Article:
Since high income countries have accounted for the vast majority of criminal prosecutions relating to HIV non-disclosure, exposure or transmission, this video focuses on the part of the dialogue that heard testimony from policymakers, community advocates and experts from the Global Commission specifically on this issue.
The Regional Dialogue, hosted by the Global Commission on HIV and the Law, was jointly organized by UNDP, on behalf of the UNAIDS family, and the University of California, Berkeley Law, The Miller Institute for Global Challenges and the Law.
This short film produced by The International Planned Parenthood Federation is a commentary from a selection of experts about the criminalisation of HIV transmission in England and Wales. It brings together a selection of policy makers, programmers, advocates, academics and people living with HIV to inform the public debate.
Tell your story – how are you impacted by HIV criminalisation?
Understanding the unintended impacts of the criminalisation of HIV exposure or transmission – way beyond the relatively few individuals who are accused, arrested and/or prosecuted – can play a crucial part in advocating against such laws and prosecutions.
Over the next few months, there are going to be multiple opportunities to highlight issues such as:
Creating fear and confusion about relying on disclosure to prevent HIV risk, and when disclosure is legally necessary
Making it harder for people living with HIV who are having problems maintaining safer sex to talk with healthcare workers due to fear of prosecution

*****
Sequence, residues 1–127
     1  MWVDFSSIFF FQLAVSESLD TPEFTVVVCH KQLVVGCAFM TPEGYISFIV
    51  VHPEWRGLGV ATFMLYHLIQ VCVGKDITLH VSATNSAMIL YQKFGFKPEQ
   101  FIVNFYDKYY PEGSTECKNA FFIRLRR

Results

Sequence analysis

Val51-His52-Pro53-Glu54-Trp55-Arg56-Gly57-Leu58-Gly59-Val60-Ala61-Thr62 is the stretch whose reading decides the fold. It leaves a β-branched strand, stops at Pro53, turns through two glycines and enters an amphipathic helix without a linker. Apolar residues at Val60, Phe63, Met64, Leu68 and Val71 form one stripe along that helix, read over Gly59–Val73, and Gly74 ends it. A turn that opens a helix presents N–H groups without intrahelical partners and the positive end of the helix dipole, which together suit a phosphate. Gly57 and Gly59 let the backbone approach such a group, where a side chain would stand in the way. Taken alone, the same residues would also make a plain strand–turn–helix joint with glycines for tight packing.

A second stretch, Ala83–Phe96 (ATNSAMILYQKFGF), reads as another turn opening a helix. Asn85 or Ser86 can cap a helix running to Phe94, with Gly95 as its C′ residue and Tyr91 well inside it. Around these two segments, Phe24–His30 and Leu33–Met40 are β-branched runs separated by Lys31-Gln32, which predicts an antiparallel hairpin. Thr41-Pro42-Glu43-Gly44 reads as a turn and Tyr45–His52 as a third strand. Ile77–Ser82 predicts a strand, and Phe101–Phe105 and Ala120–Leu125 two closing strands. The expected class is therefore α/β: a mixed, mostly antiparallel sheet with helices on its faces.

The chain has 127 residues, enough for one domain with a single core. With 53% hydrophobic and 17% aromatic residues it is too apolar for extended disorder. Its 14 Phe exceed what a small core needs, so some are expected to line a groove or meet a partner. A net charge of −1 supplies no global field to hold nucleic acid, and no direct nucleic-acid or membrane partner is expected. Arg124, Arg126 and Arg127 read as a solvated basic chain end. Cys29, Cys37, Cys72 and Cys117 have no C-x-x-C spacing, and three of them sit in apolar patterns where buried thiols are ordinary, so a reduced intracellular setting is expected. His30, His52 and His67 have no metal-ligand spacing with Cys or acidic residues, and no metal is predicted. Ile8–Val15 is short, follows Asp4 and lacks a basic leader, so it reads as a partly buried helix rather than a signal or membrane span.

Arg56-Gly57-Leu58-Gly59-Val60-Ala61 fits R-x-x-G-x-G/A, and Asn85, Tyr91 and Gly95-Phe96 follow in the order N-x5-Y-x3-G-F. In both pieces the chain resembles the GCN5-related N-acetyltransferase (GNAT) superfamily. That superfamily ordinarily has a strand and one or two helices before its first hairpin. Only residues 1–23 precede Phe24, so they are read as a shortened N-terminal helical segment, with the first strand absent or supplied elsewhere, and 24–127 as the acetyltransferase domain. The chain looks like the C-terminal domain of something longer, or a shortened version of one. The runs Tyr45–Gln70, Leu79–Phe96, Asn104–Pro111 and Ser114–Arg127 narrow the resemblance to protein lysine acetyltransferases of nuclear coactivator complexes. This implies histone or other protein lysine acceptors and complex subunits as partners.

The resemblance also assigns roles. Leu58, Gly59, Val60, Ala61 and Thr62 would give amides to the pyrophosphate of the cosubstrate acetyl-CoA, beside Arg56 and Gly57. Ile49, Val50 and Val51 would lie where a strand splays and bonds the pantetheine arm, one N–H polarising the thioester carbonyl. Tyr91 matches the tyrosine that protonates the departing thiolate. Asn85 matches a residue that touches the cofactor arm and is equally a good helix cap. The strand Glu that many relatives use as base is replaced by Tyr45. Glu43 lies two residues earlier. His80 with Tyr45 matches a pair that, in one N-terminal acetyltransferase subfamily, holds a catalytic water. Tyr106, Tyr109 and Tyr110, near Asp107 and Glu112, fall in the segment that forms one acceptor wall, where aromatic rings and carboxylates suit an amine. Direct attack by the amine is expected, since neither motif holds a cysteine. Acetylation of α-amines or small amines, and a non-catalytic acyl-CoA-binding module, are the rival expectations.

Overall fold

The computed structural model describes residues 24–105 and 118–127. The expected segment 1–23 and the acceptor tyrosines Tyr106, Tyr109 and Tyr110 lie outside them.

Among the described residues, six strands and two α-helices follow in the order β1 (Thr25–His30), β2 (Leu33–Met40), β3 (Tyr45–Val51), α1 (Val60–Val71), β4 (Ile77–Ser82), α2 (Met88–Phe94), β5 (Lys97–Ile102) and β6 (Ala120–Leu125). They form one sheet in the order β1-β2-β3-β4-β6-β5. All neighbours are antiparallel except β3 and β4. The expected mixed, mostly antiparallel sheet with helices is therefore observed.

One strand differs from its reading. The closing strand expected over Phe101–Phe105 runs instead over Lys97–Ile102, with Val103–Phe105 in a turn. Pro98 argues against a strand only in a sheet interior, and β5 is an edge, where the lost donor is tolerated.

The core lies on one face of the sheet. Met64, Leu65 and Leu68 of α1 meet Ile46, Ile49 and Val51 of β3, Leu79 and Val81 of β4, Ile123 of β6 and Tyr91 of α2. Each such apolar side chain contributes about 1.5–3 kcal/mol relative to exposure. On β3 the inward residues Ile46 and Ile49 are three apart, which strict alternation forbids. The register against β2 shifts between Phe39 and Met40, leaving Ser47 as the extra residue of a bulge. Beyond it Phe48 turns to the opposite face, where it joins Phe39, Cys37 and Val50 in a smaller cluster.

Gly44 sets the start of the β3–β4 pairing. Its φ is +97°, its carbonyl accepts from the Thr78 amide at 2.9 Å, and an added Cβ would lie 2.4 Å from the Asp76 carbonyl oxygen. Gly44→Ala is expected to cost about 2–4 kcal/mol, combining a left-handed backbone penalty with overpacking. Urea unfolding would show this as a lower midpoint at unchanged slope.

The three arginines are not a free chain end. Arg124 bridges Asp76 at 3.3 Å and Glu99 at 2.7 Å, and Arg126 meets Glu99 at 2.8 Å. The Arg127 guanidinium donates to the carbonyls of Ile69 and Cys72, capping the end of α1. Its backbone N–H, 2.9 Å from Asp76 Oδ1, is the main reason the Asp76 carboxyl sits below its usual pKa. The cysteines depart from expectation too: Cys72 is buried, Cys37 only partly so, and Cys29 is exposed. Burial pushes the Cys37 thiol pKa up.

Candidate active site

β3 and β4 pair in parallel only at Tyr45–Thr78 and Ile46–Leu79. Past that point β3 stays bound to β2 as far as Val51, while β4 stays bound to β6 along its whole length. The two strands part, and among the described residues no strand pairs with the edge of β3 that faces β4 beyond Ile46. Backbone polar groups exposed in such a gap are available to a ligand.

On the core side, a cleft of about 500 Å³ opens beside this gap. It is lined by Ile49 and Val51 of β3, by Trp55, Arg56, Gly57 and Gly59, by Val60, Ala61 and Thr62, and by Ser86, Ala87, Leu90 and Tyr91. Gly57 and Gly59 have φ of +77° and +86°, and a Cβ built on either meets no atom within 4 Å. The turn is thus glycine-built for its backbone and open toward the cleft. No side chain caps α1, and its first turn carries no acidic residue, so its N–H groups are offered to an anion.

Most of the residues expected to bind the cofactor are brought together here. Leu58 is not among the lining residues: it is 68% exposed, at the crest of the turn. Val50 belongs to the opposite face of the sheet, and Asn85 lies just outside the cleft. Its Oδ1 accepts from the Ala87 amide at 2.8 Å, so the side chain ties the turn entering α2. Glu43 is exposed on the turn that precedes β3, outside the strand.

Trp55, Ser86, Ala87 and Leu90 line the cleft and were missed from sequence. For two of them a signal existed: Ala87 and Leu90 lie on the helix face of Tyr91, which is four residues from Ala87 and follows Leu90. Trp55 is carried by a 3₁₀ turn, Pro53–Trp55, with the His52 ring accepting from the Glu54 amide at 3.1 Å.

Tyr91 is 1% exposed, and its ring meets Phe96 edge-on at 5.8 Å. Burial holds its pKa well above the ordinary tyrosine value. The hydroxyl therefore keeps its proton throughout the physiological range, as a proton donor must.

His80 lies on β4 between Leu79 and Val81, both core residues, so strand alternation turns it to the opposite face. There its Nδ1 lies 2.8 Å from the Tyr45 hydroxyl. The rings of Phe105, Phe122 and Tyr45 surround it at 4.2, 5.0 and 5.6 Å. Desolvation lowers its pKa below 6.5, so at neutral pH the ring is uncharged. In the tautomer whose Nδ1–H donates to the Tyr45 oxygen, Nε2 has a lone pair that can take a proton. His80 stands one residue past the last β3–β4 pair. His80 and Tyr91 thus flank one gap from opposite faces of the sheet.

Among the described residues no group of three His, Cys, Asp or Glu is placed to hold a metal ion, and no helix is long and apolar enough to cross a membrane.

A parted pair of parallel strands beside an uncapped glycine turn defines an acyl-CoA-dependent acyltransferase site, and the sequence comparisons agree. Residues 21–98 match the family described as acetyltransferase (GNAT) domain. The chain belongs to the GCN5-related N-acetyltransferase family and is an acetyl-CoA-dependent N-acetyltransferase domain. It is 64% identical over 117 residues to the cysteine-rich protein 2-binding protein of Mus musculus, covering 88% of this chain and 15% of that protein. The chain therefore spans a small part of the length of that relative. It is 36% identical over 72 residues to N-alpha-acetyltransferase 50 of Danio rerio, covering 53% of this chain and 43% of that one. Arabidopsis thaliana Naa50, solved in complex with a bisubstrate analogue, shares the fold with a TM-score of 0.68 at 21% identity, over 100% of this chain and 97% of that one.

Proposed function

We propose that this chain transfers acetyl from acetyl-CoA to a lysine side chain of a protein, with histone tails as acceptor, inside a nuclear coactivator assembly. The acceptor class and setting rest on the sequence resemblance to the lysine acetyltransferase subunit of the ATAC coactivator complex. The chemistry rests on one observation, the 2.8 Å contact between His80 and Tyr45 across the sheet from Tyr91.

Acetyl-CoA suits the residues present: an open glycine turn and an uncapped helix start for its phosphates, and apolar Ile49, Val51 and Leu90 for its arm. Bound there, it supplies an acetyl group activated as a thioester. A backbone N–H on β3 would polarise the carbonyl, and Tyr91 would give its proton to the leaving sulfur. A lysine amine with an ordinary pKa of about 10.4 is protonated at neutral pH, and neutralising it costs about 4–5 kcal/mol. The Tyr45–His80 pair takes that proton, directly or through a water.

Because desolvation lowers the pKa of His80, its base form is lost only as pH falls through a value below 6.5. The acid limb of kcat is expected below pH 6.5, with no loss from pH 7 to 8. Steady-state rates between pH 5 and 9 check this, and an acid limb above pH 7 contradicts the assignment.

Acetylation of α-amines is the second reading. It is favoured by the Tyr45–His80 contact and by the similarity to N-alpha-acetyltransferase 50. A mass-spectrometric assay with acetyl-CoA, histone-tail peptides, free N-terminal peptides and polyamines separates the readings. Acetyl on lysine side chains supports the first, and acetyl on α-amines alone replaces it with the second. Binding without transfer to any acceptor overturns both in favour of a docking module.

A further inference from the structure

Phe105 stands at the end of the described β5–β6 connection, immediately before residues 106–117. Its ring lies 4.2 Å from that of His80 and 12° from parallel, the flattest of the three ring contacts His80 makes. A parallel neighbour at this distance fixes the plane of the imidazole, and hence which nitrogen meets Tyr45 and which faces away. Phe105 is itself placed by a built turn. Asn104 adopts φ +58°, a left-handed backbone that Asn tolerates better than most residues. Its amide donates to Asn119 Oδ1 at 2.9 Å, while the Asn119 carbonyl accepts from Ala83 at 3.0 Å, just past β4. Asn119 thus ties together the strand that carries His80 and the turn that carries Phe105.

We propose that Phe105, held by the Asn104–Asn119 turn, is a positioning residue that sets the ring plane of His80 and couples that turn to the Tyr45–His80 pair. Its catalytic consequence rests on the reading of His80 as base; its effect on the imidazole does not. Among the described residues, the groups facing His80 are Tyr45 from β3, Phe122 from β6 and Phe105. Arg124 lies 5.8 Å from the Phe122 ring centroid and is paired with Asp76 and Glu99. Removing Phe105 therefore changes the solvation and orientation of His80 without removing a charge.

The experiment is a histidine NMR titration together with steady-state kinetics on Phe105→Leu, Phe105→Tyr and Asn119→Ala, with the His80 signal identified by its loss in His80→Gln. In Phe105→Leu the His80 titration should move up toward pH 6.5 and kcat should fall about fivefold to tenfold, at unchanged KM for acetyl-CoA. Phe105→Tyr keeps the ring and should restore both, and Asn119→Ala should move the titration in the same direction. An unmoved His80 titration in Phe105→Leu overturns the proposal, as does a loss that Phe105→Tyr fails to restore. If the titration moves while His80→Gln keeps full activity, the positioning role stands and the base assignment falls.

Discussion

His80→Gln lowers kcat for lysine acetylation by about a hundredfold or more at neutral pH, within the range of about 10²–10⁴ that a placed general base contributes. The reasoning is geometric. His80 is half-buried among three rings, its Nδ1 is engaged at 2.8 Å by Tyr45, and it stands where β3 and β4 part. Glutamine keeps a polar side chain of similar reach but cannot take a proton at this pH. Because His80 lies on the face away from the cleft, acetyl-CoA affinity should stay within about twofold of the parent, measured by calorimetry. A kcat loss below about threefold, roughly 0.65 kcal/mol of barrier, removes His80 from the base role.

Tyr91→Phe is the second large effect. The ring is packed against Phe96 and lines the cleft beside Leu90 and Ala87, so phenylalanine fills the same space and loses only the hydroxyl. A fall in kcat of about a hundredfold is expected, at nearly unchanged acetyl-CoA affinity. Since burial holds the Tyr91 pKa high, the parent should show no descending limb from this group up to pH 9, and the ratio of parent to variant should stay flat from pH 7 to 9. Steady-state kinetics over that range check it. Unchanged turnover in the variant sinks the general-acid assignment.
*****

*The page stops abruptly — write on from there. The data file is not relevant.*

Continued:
Increasing HIV-related stigma
Creating a false sense that HIV is someone else’s problem, rather than a shared responsibility
Providing an additional disincentive for people to learn their HIV status
These opportunities will arise via the Global Commission on HIV and Law’s High Income Country Dialogue that will take place in Oakland, California on 16-17 September (click here for more details); the UNAIDS Programme Coordinating Board meeting focusing on HIV and Enabling Legal Environments that will take place in Geneva, Switzerland on 13-15 December; and through an ongoing project by IPPF, Behind Bars, that highlights a wide range of personal testimonies about the impact of HIV criminalisation.
I’m hoping that blog readers will help me collate personal testimonies about the impact of HIV criminalisation on their own lives. You don’t have to be an HIV professional or have been involved in a case to have been impacted (although such testimonies are very welcome).